Are there any rules preventing a batsman from facing a delivery and positioning himself behind the stumps instead of in front?


2 Answers 2


I don't believe there is anything in the Laws of Cricket which specify where a batsman must stand for a ball to be allowed. However, there is the well known "Law of Don't Be Completely Totally and Utterly Stupid" - I fail to see any possible advantage that a batsman could gain from standing behind the stumps.

  • 1
    haha awesome answer. I've been trying it in the nets, and believe it or not it works. If the bowler doesn't bowl on the stumps (and is under pressure to do so) you essentially have a free shot (mainly through point, a cut shot, or even a reverse hook shot. If the bowler puts delivery on the stumps, its easy to block by putting your bat in front of the stumps.
    – Cookie
    Apr 6, 2015 at 23:37
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    That may work against amateurs. I wouldn't recommend trying it against Mitchell Johnson.
    – Philip Kendall
    Apr 7, 2015 at 5:47
  • More realistically, this tactic is going to fail as soon as you get a bowler who can bowl on the stumps reliably - if your only tactic is "defend", you're going to lose.
    – Philip Kendall
    Apr 7, 2015 at 8:52
  • I'll try it in my next international see what happens.
    – Cookie
    Apr 8, 2015 at 5:02

Fairly high risk of being given out obstructing the field, I'd think, since he'd be in the wicket-keeper's way.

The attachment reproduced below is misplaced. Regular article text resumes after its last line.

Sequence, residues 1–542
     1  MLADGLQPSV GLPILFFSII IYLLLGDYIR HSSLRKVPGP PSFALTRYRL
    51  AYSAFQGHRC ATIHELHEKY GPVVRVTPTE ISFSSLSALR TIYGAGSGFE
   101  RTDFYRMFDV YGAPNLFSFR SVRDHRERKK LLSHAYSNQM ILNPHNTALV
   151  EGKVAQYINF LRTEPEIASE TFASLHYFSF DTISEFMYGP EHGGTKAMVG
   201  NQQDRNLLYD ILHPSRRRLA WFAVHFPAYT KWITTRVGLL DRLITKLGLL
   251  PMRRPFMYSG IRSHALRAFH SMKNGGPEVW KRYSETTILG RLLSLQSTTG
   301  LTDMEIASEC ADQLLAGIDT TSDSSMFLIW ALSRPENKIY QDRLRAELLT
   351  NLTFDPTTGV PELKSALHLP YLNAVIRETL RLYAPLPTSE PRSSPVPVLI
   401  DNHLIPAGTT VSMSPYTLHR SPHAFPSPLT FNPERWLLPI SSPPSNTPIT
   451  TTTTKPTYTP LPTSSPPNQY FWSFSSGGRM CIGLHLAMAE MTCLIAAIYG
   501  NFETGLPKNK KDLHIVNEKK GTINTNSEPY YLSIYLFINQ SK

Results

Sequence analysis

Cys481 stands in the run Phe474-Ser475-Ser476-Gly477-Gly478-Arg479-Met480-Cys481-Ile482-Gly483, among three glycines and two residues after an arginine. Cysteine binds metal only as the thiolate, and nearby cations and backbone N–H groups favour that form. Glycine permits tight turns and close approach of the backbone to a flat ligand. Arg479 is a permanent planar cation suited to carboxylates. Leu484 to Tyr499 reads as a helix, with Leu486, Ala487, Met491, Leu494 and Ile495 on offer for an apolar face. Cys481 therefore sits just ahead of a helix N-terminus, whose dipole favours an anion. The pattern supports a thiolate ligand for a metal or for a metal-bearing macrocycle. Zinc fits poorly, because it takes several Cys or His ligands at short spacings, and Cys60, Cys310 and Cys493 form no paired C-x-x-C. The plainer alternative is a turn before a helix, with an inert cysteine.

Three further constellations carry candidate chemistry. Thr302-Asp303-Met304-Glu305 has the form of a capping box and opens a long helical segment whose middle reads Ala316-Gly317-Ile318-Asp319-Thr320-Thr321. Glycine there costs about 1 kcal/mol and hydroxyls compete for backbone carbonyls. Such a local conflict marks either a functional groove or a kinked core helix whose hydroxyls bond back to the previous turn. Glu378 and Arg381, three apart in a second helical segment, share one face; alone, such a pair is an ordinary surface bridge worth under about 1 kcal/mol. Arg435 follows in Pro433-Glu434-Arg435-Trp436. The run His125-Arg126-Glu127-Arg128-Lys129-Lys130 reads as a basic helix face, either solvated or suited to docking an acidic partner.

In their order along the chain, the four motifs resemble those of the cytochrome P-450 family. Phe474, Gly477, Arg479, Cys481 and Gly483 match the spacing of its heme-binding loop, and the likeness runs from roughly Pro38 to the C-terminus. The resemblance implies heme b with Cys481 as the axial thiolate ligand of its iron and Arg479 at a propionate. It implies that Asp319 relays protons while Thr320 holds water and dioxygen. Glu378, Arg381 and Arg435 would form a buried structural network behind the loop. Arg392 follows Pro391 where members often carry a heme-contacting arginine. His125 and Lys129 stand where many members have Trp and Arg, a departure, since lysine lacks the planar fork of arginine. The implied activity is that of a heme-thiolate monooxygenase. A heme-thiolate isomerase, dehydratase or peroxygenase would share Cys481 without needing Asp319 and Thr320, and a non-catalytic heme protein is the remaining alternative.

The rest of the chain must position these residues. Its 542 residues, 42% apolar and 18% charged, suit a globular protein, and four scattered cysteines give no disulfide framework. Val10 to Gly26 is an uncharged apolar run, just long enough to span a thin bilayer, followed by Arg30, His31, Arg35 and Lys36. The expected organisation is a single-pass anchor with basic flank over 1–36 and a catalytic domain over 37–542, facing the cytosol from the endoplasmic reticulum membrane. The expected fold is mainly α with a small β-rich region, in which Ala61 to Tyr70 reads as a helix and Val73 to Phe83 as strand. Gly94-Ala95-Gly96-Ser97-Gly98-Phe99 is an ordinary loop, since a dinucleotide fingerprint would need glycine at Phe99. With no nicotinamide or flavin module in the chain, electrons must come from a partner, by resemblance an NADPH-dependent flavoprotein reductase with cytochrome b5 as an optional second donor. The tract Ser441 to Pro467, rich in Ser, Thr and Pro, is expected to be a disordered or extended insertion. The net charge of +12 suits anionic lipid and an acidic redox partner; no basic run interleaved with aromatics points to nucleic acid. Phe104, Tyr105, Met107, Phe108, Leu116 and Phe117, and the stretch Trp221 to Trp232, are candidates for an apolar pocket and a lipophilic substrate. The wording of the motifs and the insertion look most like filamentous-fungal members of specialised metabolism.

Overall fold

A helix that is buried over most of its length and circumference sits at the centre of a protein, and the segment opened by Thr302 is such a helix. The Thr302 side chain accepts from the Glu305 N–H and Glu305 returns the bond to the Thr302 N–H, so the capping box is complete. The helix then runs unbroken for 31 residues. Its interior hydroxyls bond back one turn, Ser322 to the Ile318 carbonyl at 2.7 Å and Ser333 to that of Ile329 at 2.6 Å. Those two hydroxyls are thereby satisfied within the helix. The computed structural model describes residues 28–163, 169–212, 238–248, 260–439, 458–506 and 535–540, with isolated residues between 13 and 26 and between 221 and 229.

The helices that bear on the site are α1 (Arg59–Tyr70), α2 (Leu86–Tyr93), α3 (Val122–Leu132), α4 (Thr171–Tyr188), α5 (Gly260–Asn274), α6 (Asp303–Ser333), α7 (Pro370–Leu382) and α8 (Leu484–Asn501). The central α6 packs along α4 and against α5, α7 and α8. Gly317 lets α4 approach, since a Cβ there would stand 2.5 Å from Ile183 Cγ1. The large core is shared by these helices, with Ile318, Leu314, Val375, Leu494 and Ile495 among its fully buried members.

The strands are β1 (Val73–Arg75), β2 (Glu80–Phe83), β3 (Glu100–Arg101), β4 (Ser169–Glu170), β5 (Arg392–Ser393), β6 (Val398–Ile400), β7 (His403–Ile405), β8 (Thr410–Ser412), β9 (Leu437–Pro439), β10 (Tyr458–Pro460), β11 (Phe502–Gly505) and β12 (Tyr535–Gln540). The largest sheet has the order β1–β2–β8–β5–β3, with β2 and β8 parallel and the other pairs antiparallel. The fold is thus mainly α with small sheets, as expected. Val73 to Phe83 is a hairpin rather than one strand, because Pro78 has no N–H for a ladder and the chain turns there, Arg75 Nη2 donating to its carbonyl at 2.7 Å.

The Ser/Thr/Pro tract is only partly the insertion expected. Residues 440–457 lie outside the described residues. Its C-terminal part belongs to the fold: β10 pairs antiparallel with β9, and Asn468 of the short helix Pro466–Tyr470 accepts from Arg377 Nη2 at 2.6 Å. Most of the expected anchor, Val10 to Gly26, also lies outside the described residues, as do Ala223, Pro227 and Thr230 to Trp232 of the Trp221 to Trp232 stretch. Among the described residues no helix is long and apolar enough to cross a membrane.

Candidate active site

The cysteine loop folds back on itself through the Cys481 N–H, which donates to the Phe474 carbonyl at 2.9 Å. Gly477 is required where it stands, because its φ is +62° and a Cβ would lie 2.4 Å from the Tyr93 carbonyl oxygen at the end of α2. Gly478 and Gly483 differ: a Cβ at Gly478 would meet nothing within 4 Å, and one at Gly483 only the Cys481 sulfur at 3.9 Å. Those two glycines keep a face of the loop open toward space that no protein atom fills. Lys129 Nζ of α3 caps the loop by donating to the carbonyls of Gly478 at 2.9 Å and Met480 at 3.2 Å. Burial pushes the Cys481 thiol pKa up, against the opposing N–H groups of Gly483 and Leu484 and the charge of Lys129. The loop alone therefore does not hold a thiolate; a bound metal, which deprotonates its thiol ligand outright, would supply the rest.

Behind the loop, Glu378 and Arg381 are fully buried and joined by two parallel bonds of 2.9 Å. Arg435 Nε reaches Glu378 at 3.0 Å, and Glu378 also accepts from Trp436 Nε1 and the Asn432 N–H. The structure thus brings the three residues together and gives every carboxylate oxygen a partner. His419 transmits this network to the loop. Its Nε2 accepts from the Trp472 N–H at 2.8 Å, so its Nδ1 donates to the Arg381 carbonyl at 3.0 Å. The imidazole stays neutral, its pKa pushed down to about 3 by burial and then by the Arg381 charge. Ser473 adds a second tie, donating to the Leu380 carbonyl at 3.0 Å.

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    Interesting thought. I can't see anything in the Laws which specifies what happens if a batsman and a fielder want to stand in the same place - the batsman would obviously get priority for the usual place in front of the stumps, but what happens if he wants to stand at square leg or something insane like that?
    – Philip Kendall
    Sep 1, 2015 at 10:19
  • This would probably also be handled under Law 42, which does discuss actions not covered by the Laws . There are plenty of reasons why having a batsman in an odd position would be a bad idea - likely to get in the way of fielding, making it more difficult to judge runouts, stuff like that. But it's not automatically bad - remember that an injured batsman with a runner occupies a similar position off the pitch. You'd have to consider each situation on its merits.
    – zaump
    Sep 1, 2015 at 12:31

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